Open Accessibility Menu

Top 6 benefits of breastfeeding for moms and babies

Top 6 benefits of breastfeeding for moms and babies

August is National Breastfeeding Month, the perfect time to explore the advantages breastfeeding brings to mamas and their little ones.

Count on this

  1. Breastfeeding is convenient. As a breastfeeding mom, you won’t have to mix formula. If your baby is nursing from your breast, the milk doesn’t have to be warmed, and there are no bottles or nipples to sterilize.
  2. Breast milk will keep a while. You can use a pump to express breast milk, keeping it for future use. Breast milk is safe to use for up to four hours at room temperature and up to four days when refrigerated. You can also freeze breast milk for up to 12 months. The Office on Women’s Health recommends storing it at the back of the fridge or freezer where the temperature stays coldest.
  3. Breast milk is free. Over the course of a year, you can save an estimated $1,500 in formula expenses by giving your baby breast milk, according to the Office of the Surgeon General.
  4. Breastfeeding is better for your baby. Reports show that breastfed infants and toddlers get a leg up in this world through breast milk, which lowers your baby’s risk of developing:
    • Asthma
    • Cavities
    • Crohn’s disease
    • Diabetes
    • Ear infections
    • Eczema
    • Obesity
    • Orthodontia issues
    • Persistent or severe diarrhea
    • Severe lower respiratory infections
    • Sudden infant death syndrome
    • Ulcerative colitis
  5. Breastfeeding is a calorie burner. If you’re a breastfeeding mom, you’ll use between 500 to 700 calories a day just feeding your child. If you have a goal to lose weight post-pregnancy, breastfeeding can help you get there.
  6. Breastfeeding has other health benefits for mom, too. Breast and ovarian cancers, high blood pressure, and Type 2 diabetes occur less frequently among women who have breastfed babies.

How long should I breastfeed?

Breastfeeding exclusively is recommended for the first six months of your baby’s life. After six months, you can begin supplementing your baby’s breast milk with nutritious soft foods. As of June 2022, the AAP supports continued breastfeeding until your child turns 2 or older if you’re both agreeable to it.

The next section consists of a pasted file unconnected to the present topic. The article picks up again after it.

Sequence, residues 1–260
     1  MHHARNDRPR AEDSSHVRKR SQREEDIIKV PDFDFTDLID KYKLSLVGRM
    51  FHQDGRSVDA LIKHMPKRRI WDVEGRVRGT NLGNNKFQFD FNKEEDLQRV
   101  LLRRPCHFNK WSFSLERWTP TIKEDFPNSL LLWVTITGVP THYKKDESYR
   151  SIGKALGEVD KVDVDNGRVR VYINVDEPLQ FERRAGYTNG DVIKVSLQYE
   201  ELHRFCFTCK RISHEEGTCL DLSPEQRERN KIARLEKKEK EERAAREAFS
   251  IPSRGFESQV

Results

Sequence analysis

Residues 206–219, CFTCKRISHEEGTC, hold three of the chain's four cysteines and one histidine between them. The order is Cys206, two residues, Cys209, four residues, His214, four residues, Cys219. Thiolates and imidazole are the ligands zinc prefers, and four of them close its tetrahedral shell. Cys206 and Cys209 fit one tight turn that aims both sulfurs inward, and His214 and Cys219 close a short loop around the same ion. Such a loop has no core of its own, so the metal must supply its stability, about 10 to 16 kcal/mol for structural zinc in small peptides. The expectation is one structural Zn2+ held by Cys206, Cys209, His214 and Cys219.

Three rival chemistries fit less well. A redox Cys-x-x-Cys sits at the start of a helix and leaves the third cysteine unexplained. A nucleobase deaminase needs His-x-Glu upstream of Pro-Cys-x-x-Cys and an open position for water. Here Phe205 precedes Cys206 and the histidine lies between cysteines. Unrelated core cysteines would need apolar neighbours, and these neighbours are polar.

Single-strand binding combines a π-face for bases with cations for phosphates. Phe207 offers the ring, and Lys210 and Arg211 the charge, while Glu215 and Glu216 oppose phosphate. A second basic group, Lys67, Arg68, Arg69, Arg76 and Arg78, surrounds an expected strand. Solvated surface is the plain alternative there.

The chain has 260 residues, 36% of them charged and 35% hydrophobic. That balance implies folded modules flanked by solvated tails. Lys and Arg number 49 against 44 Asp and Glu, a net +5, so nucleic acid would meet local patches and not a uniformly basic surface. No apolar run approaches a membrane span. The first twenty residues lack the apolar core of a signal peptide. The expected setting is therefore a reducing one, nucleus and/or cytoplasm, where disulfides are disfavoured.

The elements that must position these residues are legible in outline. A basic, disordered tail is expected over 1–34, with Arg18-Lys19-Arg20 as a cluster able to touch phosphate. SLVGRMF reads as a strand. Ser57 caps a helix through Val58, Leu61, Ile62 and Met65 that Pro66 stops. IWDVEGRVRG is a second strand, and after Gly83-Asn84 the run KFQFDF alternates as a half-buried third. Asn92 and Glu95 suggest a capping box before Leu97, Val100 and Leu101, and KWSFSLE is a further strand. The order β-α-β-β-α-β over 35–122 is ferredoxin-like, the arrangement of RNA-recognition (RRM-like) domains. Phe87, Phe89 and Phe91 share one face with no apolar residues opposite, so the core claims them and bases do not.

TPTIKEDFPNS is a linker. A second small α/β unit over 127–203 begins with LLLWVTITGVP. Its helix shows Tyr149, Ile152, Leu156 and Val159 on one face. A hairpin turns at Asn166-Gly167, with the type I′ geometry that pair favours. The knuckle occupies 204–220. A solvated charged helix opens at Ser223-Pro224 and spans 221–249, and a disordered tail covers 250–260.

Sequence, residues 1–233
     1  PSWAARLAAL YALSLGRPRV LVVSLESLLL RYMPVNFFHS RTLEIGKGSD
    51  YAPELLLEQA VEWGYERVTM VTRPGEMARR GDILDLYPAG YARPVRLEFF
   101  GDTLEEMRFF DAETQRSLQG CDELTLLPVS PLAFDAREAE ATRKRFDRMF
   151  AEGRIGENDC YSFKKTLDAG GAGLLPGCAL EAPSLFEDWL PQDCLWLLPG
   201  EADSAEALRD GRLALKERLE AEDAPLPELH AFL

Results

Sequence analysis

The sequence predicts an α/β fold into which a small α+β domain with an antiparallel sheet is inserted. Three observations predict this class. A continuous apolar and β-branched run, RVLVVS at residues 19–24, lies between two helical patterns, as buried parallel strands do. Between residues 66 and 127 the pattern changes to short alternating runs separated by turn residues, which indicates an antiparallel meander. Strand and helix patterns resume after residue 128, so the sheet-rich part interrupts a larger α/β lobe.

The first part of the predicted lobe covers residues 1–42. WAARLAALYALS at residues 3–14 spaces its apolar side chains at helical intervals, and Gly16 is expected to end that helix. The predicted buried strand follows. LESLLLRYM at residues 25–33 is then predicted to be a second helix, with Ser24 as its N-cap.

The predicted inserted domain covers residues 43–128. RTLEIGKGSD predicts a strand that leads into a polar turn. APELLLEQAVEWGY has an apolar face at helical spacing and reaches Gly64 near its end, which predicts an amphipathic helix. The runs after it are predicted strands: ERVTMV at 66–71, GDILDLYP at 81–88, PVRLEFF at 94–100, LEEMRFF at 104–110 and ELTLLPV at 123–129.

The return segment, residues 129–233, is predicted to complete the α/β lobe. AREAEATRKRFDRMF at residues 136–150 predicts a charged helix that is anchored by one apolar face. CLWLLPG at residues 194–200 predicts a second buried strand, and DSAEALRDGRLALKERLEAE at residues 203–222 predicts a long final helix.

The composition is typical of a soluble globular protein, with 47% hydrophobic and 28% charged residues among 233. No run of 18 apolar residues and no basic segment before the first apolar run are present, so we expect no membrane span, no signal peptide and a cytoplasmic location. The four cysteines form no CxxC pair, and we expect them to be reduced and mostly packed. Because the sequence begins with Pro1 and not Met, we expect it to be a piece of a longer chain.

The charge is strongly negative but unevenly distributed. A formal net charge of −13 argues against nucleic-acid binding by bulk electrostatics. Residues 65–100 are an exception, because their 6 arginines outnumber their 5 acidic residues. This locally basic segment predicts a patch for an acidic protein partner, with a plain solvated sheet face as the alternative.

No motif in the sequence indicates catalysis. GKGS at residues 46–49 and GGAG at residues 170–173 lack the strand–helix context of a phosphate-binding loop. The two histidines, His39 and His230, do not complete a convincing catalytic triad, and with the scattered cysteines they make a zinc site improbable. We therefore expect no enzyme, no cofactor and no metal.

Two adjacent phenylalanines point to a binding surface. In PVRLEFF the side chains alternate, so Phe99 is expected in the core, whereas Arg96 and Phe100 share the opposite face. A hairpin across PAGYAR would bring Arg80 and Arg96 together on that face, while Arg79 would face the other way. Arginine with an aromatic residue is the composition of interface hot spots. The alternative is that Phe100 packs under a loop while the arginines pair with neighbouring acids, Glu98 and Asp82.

The recommendation is based on the nutritional value breast milk provides your child’s developing brain and body, including some growth factors and nutrients that cannot be replicated in manufactured baby formulas. The milk your body makes is ideal for your baby in nearly every instance and every way.

What if I’m struggling to breastfeed?

Many moms find breastfeeding challenging at first until they establish a milk supply, find a comfortable position and learn how to help their baby get a good latch. You can take comfort in knowing LCMC Health has resources and a support system in place to help you achieve success. Our certified lactation consultants understand the benefits of breastfeeding and are available to assist you and your baby with breastfeeding from pre-birth and beyond.

Some moms have chronic conditions, such as rheumatoid arthritis, depression or diabetes, requiring medication that they worry will transfer to their breast milk. If you have this concern, talk to your doctor or your child’s pediatrician. Often, it’s safe to continue taking your medication while breastfeeding.

If you’re curious about breastfeeding or have questions, check out our free monthly classes.

If you have a high-risk pregnancy, you may require advanced services that include maternal-fetal medicine, obstetrics and pediatrics. At LCMC Health, we care for you and your little one in a convenient, collaborative environment featuring these three specialties.

Come see what all the fuss is about (hint—it’s about you and your baby).